There was a comment to my post on deploying Microsoft Office 2007 from Jeff Sears who has a working solution for getting this going. I think it is worthy of its own post, so here is Jeff’s working solution.
I successfully installed Office 2007 using a GPO. It took me a lot of trial and error, and I’m happy to share my knowledge to save others time. Here’s how I did it. However, I couldn’t get the Save As PDF .msi to chain on to the end, so I simply created a separate GPO to install it.
I’m installing Office 2007 Standard with an Open License.
- Create a network share, for example \\myserver\office_2007
- Copy the Office 2007 CD in its entirety to the share.
- The Standard.WW folder contains the .msi file you’ll use for a GPO installation. (I’m pretty sure this is true for any Office 2007 product—that is, use the .WW folder’s .msi for a GPO installation.) On the share go into the Standard.WW folder and edit the config.xml file for your specific needs. Here is how mine looks:
<Display Level=“basic” CompletionNotice=“no” SuppressModal=“no” AcceptEula=“yes” />
<PIDKEY Value=“abcdefghijklmnopqrstuvwxy” />
<COMPANYNAME Value=“My Company” />
<DistributionPoint Location=“\\My_Server\Office_2007” />
<Setting Id=“Reboot” Value=“IfNeeded” />
If you need instructions on what the various options mean in this config.xml file, go here http://technet2.microsoft.com/Office/en-us/library/e16af71c-fed4-40da-a886-95e596c3999e1033.mspx?mfr=true , which is in the Office 2007 Resource Kit instructions.
- Build your GPO on your domain controller as follows. Create a new GPO and name it something like Office 2007 Deployment. Right-click, Edit this GPO and go Computer Configuration, Software Settings, Software installation. Right-click Software Installation and choose New Package. Browse to the StandardWW.msi on the share you created above. I chose Assigned, OK. You should now see the ‘Microsoft Office Standard 2007’ package listed in the right pane of your Software Installation item. Right-click on the ‘Microsoft Office Standard 2007’, Properties. Click the Deployment tab and then check ‘Uninstall this application when it falls out of the scope of management.’ (This automatically uninstalls the package if the computer is removed from the container (s) this GPO is applied to). OK.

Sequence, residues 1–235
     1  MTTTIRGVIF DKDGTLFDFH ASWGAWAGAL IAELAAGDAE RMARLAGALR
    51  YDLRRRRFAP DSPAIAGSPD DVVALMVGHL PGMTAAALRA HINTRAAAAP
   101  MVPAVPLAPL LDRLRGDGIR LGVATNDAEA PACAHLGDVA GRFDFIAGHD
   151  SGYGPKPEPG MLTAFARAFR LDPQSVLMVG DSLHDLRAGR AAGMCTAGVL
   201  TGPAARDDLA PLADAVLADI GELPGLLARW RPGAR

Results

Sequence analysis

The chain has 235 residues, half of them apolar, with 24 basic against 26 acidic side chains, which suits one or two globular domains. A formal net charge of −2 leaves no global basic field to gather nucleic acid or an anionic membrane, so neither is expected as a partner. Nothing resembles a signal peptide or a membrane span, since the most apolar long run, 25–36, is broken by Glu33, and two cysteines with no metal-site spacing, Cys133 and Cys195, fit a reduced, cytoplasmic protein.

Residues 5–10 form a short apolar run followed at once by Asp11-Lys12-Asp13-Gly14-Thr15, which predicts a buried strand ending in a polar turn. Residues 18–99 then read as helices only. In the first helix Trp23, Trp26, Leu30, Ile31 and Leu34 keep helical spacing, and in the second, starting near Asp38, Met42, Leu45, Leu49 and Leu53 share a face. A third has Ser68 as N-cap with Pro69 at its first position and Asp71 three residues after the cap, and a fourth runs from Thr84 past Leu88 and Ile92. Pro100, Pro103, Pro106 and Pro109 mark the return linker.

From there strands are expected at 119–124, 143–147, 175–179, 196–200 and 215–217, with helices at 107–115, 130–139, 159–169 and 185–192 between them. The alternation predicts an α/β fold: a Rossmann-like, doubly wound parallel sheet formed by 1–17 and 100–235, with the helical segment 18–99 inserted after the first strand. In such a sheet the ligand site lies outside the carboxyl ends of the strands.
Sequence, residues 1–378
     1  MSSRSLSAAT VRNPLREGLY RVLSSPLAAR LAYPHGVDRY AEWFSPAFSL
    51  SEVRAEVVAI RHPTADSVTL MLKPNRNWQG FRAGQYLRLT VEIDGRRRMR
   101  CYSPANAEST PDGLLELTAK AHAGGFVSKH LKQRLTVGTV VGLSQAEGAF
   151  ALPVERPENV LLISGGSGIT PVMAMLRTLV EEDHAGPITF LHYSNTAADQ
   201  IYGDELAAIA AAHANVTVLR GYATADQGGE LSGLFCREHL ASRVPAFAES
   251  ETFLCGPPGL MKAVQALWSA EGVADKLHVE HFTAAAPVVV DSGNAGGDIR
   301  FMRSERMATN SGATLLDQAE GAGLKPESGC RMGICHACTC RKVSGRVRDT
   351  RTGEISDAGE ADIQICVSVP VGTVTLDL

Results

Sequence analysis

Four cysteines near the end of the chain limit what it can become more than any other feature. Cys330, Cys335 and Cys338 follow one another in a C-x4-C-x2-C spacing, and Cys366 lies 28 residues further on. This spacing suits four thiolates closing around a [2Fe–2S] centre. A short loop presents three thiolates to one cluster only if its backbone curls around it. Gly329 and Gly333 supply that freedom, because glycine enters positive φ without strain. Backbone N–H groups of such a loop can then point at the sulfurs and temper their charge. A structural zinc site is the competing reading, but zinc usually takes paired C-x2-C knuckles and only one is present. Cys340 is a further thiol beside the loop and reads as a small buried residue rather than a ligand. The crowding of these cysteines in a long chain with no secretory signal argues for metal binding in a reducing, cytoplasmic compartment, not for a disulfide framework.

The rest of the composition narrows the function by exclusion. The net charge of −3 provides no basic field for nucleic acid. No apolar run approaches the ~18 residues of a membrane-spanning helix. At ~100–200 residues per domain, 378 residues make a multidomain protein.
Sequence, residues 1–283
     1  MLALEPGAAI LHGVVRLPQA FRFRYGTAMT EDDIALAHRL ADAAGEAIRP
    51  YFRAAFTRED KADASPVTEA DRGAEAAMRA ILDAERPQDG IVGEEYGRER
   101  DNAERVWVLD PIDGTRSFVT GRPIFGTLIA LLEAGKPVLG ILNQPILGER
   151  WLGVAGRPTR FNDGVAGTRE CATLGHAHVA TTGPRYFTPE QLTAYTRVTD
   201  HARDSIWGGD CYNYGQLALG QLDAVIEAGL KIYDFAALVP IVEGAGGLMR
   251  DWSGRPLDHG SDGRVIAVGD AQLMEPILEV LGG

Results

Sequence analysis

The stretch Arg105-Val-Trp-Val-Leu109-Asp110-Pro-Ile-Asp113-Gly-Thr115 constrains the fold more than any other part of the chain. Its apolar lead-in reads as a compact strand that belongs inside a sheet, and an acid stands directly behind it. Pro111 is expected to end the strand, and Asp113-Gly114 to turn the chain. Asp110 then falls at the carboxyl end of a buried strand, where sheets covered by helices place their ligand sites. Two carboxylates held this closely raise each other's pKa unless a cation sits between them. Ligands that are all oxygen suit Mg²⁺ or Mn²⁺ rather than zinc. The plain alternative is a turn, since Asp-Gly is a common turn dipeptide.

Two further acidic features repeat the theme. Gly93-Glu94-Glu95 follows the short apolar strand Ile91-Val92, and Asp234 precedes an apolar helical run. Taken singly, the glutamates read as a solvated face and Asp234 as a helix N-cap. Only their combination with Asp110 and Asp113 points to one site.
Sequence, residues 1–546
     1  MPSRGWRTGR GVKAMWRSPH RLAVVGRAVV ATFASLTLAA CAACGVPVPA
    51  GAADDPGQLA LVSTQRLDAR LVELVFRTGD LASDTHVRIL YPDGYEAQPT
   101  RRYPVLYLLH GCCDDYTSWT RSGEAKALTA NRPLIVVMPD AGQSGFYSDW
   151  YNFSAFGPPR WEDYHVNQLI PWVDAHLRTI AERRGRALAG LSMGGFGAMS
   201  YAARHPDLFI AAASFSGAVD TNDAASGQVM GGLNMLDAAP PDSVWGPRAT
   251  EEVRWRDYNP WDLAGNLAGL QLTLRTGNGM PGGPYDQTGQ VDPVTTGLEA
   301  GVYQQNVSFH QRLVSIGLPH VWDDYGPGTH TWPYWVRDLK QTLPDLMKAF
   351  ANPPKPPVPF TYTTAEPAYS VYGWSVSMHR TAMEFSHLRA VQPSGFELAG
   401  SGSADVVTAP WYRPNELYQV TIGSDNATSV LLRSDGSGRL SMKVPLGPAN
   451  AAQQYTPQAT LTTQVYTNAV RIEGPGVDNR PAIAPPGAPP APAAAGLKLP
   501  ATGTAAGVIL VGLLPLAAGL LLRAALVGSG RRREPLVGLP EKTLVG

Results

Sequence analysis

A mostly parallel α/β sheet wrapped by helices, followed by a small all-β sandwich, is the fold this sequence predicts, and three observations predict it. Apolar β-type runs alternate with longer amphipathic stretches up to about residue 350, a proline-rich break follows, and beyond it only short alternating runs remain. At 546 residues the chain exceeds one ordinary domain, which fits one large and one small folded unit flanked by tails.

- I then enabled my GPO to run against my Organization Unit. So on my domain controller, I have an Organization Unit called Client PCs. In my Group Policy MMC, I right-clicked on my Client PCs OU, chose ‘Link an Existing GPO’ and chose the ‘Office 2007 Deployment’ which I created back in step 4. Finally I left-clicked on my Office 2007 Deployment GPO, and I see in the Links pane on the right that it is linked to my Client PCs OU. In the bottom right pane (Security Filtering), I clicked on Authenticated Users and Remove. I then clicked Add, click the Object Types button and check Computers, OK, then added the specific computers I want this GPO to be applied to.
- I noticed that client PCs only check in every few hours with the domain controller, which means it will take a while for Office 2007 to get installed. I wanted to force Office 2007 to get installed right away to a few PCs, so I went to them individually, opened a command prompt and typed ‘gpupdate /force’. They then come back with a message that in order for some policies to be applied, you must reboot. Say Yes, and after the reboot you’ll see Office start to install. It takes about 5 minutes, so don’t be in a hurry.
- I then created a Save as PDF GPO in exactly the same way, except that you don’t have to configure a config.xml file. The .msi will install without any user intervention.
The final thing I noticed was the first time a user runs Office 2007, there are two screens of popups about using Help online if connected to the internet, automatically install updates, etc. If you want to eliminate those screens, then you’ll need build a GPO for Office 2007 using the adm templates files that Todd has provided a link to.
Best of luck to you.